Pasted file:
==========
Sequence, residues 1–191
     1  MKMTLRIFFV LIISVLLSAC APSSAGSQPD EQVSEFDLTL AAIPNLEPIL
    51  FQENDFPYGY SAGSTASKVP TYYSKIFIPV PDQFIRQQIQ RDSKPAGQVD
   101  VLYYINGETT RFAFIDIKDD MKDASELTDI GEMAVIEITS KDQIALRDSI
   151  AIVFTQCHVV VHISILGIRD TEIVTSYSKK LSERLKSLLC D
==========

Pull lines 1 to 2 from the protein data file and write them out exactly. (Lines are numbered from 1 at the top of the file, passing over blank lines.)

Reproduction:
Sequence, residues 1–191
     1  MKMTLRIFFV LIISVLLSAC APSSAGSQPD EQVSEFDLTL AAIPNLEPIL